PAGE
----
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J Relig Health. 2018 Oct;57(5):1599-1605. doi: 10.1007/s10943-017-0442-9.

Near-Death Experiences in a Multi-religious Hospital Population in Sri Lanka.

Author information

1
Department of Psychiatry, Faculty of Medicine, University of Kelaniya, Ragama, Sri Lanka. miyuruc@kln.ac.lk.
2
Warneford Hospital, Oxford Health NHS Foundation Trust, Oxford, UK.
3
Department of Psychiatry, Faculty of Medicine, University of Kelaniya, Ragama, Sri Lanka.
4
Albert Road Clinic, Melbourne, Australia.

Abstract

Near-death experiences (NDEs) are a wide range of experiences that occur in association with impending death. There are no published studies on NDEs in general hospital populations, and studies have been mainly conducted on critically ill patients. We assessed the prevalence of NDEs and its associations in a multi-religious population in a general hospital in Sri Lanka. A randomised sample of patients admitted to the Colombo North Teaching Hospital was assessed using the Greyson NDE scale and clinical assessment. Out of total 826 participants, NDEs were described by 3%. Compared to the NDE-negative participants, the NDE-positive group had a significantly higher mean for age and a ratio of men. Women reported deeper NDEs. Patients of theistic religions (Christianity, Islam and Hinduism) reported significantly more NDEs compared to patients from the non-theistic religious group (Buddhism). NDE-positive patient group had significantly higher reporting of a feeling 'that they are about to die', the presence of loss of consciousness and a higher percentage of internal medical patients. This is the first time that NDEs are assessed in a general hospital population and NDEs being reported from Sri Lanka. We also note for the first time that persons with theistic religious beliefs reported more NDEs than those with non-theistic religious beliefs. Medical professionals need to be aware of these phenomena to be able to give an empathic hearing to patients who have NDE.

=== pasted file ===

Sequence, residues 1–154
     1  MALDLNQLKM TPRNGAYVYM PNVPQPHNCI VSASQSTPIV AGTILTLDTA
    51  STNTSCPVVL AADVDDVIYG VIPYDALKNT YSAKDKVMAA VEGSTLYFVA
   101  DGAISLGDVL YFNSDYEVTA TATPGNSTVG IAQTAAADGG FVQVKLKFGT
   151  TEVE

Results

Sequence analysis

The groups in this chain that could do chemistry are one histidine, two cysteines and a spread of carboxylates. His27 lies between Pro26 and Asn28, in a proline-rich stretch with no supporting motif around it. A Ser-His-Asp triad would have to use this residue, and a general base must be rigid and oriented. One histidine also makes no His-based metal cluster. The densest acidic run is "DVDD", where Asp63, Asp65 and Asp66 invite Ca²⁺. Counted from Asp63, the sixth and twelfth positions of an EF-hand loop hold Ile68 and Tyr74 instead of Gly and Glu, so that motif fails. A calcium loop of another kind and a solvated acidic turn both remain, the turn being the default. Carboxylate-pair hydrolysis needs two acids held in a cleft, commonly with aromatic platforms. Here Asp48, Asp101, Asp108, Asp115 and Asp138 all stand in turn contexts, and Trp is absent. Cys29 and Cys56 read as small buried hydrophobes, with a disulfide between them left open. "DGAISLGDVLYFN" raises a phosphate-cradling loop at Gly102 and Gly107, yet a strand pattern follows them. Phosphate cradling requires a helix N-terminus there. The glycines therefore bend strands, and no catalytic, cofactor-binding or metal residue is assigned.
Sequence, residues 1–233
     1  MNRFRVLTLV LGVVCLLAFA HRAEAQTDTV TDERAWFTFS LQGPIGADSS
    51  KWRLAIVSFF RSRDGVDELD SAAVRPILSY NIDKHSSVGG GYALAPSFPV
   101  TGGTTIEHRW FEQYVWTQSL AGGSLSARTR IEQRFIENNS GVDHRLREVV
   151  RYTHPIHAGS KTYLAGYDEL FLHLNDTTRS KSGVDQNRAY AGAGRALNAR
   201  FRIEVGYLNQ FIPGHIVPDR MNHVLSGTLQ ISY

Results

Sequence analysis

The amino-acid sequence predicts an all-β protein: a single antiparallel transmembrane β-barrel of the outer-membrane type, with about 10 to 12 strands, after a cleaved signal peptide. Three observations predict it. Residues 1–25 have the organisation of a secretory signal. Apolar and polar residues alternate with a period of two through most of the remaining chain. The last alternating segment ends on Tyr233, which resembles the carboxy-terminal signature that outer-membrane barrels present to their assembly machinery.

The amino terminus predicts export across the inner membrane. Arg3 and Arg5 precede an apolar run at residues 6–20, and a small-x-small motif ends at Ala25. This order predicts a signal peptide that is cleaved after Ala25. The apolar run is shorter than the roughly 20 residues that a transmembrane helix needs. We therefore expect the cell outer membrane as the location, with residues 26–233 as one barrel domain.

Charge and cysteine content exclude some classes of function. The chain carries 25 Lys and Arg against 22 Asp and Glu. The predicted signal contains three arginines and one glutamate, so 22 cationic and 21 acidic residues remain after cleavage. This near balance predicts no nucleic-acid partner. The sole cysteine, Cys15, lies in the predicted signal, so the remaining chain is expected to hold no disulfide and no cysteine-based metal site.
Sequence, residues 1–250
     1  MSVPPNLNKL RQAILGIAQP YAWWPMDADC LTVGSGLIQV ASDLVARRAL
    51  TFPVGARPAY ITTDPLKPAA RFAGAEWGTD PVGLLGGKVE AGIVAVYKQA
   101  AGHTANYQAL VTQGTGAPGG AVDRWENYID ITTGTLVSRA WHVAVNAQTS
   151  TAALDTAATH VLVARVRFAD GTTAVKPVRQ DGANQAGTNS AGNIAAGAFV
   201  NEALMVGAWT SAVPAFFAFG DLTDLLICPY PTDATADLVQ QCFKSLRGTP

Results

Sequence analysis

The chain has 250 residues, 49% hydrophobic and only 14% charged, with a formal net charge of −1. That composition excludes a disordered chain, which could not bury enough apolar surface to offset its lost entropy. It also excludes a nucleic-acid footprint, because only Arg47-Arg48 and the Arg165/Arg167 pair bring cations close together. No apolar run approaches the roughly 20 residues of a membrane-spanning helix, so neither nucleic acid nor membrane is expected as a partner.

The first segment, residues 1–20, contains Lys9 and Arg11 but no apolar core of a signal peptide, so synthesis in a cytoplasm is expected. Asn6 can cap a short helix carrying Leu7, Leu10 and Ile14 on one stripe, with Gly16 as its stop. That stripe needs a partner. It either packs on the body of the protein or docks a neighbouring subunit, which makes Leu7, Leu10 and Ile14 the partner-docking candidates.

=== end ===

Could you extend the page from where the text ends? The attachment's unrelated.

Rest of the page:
KEYWORDS:

General hospital; Near-death experience; Occurrence; Religion; Sri Lanka

PMID:
28669110
DOI:
10.1007/s10943-017-0442-9
[Indexed for MEDLINE]

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